But other consumers have succeeded in paying off massive amounts of debt, demonstrating that with the right strategies and in the right situation, anything is possible.

As you pay down your debt, it’s a good idea to track your progress on how it’s affecting your credit.  For one, it can be encouraging to see the positive effect that paying down your debts can have on your credit scores; but it’s also good to just ensure that your payments are being reported accurately. You can keep an eye on your progress by checking your credit reports — at least once a year from each of the three major credit reporting agencies — which you can do for free through AnnualCreditReport.com — and monitoring your credit scores, which you can do using a free tool like Credit.com’s Credit Report Card.

More on Managing Debt:

Image: Purestock

Comments on articles and responses to those comments are not provided or commissioned by a bank advertiser. Responses have not been reviewed, approved or otherwise endorsed by a bank advertiser. It is not a bank advertiser's responsibility to ensure all posts and/or questions are answered.

Please note that our comments are moderated, so it may take a little time before you see them on the page. Thanks for your patience.

Credit.com receives compensation for the financial products and services advertised on this site if our users apply for and sign up for any of them.

Hello, Reader!

Thanks for checking out Credit.com. We hope you find the site and the journalism we produce useful. We wanted to take some time to tell you a bit about ourselves.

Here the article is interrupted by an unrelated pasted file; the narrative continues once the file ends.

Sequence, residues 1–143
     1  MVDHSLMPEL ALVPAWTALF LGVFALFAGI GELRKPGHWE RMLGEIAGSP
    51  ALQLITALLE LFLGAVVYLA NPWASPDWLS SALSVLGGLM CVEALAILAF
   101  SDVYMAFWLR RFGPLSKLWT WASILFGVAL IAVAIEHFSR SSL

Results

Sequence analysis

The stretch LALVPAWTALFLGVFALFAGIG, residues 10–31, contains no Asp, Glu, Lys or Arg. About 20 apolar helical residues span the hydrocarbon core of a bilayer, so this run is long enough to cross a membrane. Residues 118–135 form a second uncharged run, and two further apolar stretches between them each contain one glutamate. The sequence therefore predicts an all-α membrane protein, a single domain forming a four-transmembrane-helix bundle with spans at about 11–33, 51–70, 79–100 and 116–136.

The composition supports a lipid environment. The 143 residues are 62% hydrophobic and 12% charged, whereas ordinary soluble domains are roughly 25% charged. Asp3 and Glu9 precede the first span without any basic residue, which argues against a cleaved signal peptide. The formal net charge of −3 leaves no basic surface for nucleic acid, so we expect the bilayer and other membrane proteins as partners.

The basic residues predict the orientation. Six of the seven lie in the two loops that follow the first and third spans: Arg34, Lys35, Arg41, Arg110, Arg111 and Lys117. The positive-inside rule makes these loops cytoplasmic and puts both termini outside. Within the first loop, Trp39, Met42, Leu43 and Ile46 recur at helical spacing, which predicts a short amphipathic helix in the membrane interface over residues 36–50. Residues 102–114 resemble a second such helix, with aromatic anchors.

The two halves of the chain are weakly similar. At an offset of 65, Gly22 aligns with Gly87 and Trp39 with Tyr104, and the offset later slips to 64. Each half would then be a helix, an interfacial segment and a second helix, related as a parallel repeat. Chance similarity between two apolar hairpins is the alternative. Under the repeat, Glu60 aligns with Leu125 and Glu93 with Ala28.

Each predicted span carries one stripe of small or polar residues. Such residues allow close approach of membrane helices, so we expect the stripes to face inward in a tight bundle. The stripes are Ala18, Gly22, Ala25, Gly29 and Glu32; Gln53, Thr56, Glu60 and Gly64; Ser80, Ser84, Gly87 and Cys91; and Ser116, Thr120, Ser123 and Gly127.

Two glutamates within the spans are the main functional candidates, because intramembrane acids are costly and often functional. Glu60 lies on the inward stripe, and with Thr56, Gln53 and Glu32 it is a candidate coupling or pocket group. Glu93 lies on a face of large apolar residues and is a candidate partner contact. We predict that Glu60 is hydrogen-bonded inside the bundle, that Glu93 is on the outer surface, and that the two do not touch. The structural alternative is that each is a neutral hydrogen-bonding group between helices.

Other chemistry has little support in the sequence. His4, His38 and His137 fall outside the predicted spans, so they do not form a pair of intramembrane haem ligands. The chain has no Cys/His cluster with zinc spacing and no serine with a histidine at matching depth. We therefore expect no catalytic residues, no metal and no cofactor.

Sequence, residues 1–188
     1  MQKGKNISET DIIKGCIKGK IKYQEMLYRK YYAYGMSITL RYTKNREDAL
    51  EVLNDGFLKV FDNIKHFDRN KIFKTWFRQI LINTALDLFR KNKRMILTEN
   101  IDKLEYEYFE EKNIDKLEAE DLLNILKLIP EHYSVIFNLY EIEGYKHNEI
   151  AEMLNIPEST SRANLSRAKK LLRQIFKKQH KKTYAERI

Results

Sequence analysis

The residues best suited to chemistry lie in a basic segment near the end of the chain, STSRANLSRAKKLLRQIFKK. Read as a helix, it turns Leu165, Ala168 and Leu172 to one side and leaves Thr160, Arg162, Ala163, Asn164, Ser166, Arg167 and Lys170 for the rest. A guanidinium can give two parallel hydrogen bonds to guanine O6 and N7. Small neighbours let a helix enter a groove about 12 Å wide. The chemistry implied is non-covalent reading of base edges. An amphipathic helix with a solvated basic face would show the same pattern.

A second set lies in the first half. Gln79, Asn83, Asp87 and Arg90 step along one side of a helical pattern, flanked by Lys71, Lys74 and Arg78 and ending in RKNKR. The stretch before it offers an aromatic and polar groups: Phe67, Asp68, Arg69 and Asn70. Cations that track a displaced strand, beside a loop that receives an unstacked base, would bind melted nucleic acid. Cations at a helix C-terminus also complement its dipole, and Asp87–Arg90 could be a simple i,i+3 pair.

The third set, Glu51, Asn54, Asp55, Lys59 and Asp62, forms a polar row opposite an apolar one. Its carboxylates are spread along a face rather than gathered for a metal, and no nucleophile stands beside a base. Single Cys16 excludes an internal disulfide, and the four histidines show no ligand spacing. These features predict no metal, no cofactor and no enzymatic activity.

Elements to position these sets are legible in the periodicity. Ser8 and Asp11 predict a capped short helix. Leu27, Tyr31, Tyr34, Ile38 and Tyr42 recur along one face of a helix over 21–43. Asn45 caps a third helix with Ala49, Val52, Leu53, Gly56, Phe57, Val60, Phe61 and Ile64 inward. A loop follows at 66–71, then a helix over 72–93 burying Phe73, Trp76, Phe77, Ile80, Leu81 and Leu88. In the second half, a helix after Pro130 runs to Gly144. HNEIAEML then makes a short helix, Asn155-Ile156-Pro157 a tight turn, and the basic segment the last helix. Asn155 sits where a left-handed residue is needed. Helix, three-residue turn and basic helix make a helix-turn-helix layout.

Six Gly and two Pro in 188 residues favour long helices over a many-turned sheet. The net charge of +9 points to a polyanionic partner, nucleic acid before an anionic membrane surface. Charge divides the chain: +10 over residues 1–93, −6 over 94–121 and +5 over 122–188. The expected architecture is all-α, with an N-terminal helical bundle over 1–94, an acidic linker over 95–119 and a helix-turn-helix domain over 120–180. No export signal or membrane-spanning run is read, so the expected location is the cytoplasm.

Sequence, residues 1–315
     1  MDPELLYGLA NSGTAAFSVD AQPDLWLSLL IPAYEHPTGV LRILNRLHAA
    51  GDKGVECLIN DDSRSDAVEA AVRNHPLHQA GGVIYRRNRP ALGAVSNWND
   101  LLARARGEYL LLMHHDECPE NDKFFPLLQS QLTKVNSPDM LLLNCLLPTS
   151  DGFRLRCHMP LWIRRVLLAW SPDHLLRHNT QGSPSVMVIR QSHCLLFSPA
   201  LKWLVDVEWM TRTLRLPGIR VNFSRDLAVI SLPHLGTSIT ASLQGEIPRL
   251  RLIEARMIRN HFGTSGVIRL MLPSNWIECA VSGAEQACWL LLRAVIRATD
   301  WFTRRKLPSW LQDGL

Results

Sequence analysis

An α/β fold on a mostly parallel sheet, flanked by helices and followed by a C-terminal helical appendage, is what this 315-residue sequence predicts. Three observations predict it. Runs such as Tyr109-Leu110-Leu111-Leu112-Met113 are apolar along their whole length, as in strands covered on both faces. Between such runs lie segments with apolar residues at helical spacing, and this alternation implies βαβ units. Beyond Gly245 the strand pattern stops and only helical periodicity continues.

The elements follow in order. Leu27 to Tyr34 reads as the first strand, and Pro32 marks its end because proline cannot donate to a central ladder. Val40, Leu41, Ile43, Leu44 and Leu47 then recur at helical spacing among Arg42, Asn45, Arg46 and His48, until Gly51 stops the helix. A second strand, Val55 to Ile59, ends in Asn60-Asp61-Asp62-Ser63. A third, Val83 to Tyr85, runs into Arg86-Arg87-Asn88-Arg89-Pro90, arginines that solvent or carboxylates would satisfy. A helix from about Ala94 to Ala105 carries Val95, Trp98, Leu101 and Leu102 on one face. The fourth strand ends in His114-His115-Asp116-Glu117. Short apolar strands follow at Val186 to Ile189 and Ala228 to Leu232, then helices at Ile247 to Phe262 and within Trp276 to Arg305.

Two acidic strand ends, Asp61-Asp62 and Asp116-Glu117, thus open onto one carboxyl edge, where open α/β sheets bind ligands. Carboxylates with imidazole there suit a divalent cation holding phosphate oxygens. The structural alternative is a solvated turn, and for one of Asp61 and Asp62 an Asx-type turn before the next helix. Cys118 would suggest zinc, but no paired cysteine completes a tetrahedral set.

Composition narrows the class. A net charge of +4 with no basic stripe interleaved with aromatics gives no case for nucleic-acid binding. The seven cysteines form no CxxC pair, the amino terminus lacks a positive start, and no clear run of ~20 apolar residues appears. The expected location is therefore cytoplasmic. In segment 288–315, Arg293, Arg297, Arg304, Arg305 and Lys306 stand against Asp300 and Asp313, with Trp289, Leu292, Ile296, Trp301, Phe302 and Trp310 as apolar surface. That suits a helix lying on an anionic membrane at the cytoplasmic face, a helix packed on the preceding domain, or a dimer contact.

Our People

The Credit.com editorial team is staffed by a team of editors and reporters, each with many years of financial reporting experience. We’ve worked for places like the New York Times, American Banker, Frontline, TheStreet.com, Business Insider, ABC News, NBC News, CNBC and many others. We also employ a few freelancers and more than 50 contributors (these are typically subject matter experts from the worlds of finance, academia, politics, business and elsewhere).

Our Reporting

We take great pains to ensure that the articles, video and graphics you see on Credit.com are thoroughly reported and fact-checked. Each story is read by two separate editors, and we adhere to the highest editorial standards. We’re not perfect, however, and if you see something that you think is wrong, please email us at editorial team [at] credit [dot] com,

The Credit.com editorial team is committed to providing our readers and viewers with sound, well-reported and understandable information designed to inform and empower. We won’t tell you what to do. We will, however, do our best to explain the consequences of various actions, thereby arming you with the information you need to make decisions that are in your best interests. We also write about things relating to money and finance we think are interesting and want to share.